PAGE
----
Opportunities for Growth and Career Advancement: Every individual at some point in every facet of life strives for growth and advancement. In the work endeavour, opportunities for growth and career advancement aren’t limited to just promotion, increased salary or vertical advances alone. Rather, such opportunities should include mentoring, being given new projects to work on and learning about other branches of the organization. When your organization or company offers you opportunities to grow and advance your career further, then it is advisable you remain with that company. However, when your organization does not provide the aforementioned ample opportunities, then it is better to leave the job. Before leaving, consult, engage and interact formally with your employer about such opportunities, if the company doesn’t give you a satisfactory response on opportunities for growth, then it is better to stick to your decision of quitting.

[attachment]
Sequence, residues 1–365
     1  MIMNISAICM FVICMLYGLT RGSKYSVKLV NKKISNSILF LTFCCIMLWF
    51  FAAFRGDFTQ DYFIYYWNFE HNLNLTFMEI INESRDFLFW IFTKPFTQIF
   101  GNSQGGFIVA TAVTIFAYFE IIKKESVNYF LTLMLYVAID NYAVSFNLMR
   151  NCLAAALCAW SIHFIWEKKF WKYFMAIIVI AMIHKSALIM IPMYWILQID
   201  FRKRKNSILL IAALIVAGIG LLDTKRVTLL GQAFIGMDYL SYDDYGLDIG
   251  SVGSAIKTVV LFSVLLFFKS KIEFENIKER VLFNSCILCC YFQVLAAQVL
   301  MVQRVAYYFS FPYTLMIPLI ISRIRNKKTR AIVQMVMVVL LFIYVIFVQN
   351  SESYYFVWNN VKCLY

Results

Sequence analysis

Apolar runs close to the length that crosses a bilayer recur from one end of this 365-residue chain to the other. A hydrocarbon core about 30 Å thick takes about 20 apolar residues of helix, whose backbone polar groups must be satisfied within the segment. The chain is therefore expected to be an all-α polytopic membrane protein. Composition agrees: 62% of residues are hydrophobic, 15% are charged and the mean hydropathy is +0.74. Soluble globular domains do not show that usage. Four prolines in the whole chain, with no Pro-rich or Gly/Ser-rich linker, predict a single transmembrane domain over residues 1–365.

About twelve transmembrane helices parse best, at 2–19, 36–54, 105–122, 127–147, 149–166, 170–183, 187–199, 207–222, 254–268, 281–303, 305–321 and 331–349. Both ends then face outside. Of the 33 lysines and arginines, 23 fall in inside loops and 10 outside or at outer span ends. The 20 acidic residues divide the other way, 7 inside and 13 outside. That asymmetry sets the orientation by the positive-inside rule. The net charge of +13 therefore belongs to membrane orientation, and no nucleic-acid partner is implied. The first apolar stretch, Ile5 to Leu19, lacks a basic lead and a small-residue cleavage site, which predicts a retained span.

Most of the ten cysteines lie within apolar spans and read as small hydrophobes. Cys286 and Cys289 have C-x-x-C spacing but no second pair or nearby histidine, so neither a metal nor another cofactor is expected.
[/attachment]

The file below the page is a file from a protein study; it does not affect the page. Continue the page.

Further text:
Work-life Balance: Striking a balance between work and your personal life is essential for your physical, mental and psychological wellbeing. Although it is good to develop and have a strong work ethic and occasionally work overtime, it generates problems if it becomes a mainstay of your life. When you work excessively over time, without being able to strike a balance with your personal life, it takes a toll on your wellbeing and negatively affects the quality and productivity of your work. In such situations, it is advisable to leave the job. On the other hand, a job that enables you to strike a perfect balance between work and your personal life is worth staying or remaining in.